Applied Math professor disproves 70-year-old black hole theory

Monday, June 24, 2024

For the last seven decades, astrophysicists have theorized the existence of “kugelblitze,” black holes caused by extremely high concentrations of light.

These special black holes, they speculated, might be linked to astronomical phenomena such as dark matter, and have even been suggested as the power source of hypothetical spaceship engines in the far future.

However, new theoretical physics research by a team of researchers at the University of Waterloo and Universidad Complutense de Madrid, including Applied Math professor Eduardo Martín-Martínez, demonstrates that kugelblitze are impossible in our current universe.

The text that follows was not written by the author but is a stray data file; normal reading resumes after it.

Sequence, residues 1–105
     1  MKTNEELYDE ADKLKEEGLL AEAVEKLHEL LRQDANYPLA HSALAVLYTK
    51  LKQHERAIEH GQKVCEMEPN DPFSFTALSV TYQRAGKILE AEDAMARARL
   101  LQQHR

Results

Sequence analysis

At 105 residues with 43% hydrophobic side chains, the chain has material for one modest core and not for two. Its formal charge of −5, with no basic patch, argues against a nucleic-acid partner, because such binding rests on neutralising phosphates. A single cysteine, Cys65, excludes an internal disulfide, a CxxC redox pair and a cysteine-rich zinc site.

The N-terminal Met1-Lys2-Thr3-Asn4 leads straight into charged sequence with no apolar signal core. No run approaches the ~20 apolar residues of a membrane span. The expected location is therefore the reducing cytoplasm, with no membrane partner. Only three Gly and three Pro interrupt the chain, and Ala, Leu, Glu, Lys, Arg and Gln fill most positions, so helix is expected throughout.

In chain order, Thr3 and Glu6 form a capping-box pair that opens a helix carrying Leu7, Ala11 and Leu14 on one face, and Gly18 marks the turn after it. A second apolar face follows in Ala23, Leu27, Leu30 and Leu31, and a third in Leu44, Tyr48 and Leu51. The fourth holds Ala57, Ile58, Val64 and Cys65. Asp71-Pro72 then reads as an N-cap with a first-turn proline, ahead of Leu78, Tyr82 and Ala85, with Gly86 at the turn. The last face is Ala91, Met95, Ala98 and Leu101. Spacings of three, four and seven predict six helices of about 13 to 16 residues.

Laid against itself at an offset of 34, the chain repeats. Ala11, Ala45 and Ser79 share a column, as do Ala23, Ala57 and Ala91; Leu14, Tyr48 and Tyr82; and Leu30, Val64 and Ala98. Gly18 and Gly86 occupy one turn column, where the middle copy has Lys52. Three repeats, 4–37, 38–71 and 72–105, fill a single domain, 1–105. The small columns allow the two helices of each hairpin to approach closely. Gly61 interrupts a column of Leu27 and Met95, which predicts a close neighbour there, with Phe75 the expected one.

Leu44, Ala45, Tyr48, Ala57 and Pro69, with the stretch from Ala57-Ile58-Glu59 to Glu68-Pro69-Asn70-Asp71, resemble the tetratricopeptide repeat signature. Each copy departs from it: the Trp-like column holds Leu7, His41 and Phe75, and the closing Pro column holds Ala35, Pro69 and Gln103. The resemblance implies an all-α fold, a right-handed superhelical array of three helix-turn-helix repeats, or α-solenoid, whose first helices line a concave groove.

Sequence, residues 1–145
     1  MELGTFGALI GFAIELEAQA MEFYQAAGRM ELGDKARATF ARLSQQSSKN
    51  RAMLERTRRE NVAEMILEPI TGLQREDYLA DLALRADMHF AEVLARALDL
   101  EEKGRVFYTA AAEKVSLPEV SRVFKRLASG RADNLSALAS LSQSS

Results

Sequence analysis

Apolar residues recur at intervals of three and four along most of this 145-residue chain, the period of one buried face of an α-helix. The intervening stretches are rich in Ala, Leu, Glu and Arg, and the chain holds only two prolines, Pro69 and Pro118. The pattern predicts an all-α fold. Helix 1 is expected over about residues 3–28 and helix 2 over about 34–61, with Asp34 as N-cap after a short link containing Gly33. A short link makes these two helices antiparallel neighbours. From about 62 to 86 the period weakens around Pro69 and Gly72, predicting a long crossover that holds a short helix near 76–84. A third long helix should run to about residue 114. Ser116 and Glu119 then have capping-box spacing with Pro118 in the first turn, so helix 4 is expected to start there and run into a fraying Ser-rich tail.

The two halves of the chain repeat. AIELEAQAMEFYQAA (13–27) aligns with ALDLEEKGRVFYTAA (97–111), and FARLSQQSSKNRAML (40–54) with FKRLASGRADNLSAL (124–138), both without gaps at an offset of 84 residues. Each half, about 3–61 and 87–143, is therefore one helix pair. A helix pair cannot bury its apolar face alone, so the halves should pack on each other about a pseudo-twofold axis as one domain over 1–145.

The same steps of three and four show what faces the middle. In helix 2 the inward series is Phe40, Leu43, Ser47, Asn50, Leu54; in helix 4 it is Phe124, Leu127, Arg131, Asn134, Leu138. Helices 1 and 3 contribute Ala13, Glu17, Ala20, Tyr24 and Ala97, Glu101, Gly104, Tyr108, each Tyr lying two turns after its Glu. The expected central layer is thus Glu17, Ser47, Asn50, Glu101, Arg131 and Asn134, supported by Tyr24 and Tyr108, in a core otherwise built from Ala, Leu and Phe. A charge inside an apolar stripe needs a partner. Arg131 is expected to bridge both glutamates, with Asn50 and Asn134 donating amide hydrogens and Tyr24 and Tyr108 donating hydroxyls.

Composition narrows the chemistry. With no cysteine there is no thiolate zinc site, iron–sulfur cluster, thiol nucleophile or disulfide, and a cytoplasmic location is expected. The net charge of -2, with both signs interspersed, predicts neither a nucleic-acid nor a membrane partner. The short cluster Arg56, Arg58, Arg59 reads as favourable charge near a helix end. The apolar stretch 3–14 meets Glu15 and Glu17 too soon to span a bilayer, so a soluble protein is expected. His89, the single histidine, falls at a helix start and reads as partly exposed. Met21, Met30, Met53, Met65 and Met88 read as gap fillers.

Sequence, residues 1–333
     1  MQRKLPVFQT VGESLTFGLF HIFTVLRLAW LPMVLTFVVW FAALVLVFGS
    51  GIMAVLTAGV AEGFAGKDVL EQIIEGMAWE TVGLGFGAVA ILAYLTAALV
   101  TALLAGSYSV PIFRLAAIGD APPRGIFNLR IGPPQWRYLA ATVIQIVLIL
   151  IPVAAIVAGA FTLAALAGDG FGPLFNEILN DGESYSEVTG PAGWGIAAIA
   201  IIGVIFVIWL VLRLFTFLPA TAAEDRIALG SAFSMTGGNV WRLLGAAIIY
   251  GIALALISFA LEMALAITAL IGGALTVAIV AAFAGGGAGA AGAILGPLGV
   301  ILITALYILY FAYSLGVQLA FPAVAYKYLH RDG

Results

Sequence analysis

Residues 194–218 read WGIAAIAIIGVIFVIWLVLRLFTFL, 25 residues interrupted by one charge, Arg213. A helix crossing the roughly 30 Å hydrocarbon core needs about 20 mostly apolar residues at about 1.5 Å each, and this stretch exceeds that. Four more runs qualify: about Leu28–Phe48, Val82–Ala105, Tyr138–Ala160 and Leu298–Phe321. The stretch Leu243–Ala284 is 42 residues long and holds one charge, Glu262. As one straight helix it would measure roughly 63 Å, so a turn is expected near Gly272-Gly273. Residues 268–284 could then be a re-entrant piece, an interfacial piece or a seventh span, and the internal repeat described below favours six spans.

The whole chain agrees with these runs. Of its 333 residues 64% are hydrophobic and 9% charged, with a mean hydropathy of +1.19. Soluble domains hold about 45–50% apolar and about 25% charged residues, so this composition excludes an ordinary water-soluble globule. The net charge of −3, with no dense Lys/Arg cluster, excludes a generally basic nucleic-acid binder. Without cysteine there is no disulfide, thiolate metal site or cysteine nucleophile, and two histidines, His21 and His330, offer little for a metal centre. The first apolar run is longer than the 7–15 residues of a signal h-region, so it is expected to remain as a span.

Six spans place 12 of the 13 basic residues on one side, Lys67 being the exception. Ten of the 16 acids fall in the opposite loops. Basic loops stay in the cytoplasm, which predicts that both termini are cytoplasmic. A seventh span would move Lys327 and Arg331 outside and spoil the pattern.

The team built a mathematical model, taking into account quantum effects, that demonstrated that the concentration of light required to create kugelblitze would be tens of orders of magnitude greater than that observed in quasars, the brightest objects in our universe.

Read the full article from Waterloo News to learn more.